Good thing a fairy godmother (a.k.a. an Oahu casting agent) was looking out for Cravalho. After the agent discovered the teen’s singing talents during a charity competition, Cravalho was whisked off to Los Angeles, where directors Ron Clements and John Musker (The Little Mermaid, Aladdin cast her opposite Dwayne Johnson in the animated film, set for release on Nov. 23, 2016.

Meet the Next Disney Princess – and Get a First Look at Her Movie, Moana!| Walt Disney Company, Walt Disney Pictures, Movie News, Dwayne ''The Rock'' Johnson

Meet the Next Disney Princess – and Get a First Look at Her Movie, Moana!| Walt Disney Company, Walt Disney Pictures, Movie News, Dwayne ''The Rock'' Johnson

Moana is such an amazing character,” says Cravalho, who lives in the town of Mililani with her mother, Puanani. “She’s brave, she is so empowered, she knows what she wants and she’s not afraid to get it, and I think that’s something that I can relate to as well. I just love watching how she goes along in this wonderful movie and grows as a person and helps her culture along the way.

Cravalho is especially excited to work alongside Johnson, who will play a demigod named Maui whom Moana encounters during her travels.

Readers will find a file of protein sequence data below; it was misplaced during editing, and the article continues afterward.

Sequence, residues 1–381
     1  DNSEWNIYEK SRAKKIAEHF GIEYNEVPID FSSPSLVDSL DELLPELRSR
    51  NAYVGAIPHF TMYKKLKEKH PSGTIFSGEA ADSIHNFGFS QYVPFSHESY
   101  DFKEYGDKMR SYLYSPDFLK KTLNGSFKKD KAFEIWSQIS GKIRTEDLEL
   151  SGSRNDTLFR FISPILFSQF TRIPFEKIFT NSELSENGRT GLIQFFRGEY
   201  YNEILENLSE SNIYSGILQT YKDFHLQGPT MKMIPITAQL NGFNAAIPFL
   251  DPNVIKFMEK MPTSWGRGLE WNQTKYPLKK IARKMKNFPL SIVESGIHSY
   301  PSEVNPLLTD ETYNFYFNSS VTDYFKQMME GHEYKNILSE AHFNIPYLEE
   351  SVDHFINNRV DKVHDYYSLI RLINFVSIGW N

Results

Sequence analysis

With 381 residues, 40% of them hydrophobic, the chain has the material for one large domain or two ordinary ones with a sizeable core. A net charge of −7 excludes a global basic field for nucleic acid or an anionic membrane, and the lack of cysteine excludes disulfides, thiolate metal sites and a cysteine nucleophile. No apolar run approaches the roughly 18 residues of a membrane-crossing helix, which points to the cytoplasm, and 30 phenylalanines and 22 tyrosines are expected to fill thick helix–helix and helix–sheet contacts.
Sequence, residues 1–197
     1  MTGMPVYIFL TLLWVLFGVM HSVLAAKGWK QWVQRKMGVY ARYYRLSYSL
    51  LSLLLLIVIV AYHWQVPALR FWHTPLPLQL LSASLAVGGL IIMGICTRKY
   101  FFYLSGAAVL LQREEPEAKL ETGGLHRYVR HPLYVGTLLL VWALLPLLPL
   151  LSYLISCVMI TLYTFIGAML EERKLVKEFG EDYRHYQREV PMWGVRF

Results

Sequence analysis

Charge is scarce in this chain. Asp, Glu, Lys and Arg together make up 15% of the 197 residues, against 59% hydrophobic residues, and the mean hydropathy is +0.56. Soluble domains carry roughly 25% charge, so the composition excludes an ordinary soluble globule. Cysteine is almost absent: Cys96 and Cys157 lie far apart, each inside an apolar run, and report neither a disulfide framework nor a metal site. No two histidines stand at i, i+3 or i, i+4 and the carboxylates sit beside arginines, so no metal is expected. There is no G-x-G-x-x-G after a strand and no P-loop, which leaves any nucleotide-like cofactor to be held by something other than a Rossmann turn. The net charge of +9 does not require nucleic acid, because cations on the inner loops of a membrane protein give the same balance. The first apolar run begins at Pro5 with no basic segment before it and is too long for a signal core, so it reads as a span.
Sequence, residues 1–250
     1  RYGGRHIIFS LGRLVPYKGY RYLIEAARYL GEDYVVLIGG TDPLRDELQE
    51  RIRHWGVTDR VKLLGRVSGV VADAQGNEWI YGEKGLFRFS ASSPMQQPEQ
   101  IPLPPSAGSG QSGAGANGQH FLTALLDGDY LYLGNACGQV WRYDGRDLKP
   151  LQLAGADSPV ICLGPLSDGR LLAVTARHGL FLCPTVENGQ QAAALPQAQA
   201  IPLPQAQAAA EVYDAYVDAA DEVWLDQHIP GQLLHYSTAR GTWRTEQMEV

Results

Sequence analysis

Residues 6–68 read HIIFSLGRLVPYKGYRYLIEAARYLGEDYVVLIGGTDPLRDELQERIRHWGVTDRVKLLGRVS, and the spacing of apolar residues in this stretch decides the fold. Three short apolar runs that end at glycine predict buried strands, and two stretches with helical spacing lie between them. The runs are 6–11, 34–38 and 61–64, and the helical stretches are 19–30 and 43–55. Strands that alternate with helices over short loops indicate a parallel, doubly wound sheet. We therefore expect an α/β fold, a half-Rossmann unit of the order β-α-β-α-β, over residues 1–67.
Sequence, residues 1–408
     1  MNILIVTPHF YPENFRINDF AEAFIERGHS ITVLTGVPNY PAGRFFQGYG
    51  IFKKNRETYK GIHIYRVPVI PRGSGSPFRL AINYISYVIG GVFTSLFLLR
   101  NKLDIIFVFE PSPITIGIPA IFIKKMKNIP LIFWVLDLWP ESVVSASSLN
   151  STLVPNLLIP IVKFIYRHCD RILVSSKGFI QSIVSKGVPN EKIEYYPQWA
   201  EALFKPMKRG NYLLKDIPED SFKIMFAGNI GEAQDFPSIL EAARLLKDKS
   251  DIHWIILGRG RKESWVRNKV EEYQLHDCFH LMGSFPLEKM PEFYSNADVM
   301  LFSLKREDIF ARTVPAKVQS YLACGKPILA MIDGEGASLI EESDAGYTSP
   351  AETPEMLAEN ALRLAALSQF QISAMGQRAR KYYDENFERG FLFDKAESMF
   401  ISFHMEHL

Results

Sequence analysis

Legendary Japanese animator Hayao Miyazaki (“Spirited Away”) is opening a nature sanctuary for children on a remote Japanese island

The 74-year-old film maker is perhaps best known for Spirited Away, which won an Oscar in 2001

The Independent (UK):

Legendary Japanese animator Hayao Miyazaki has revealed his plans to build a nature sanctuary for children on a remote Japanese island.

The 74-year-old filmmaker is expected to spend 300 million yen, or $2.5 million, of his personal finances on the project. It is due to be completed in 2018 on Kume IslandKyodo News reports that the facility will seek to encourage children to appreciate the natural world and develop a closer bond with nature.

Mr Miyazaki’s films often explore themes of childhood, imagination and nature.

He has previously spoken of his concerns that children’s lives are becoming increasingly exposed to consumerism and. He has said that: “Utopia exists only in one’s childhood life.”

The director is perhaps best known for his Oscar winning film Spirited Away which was released in 2001. It was the first ever anime film to win an Oscar and broke box office records in Japan. He announced in 2013 that he was retiring from his cinematic career to focus on other projects.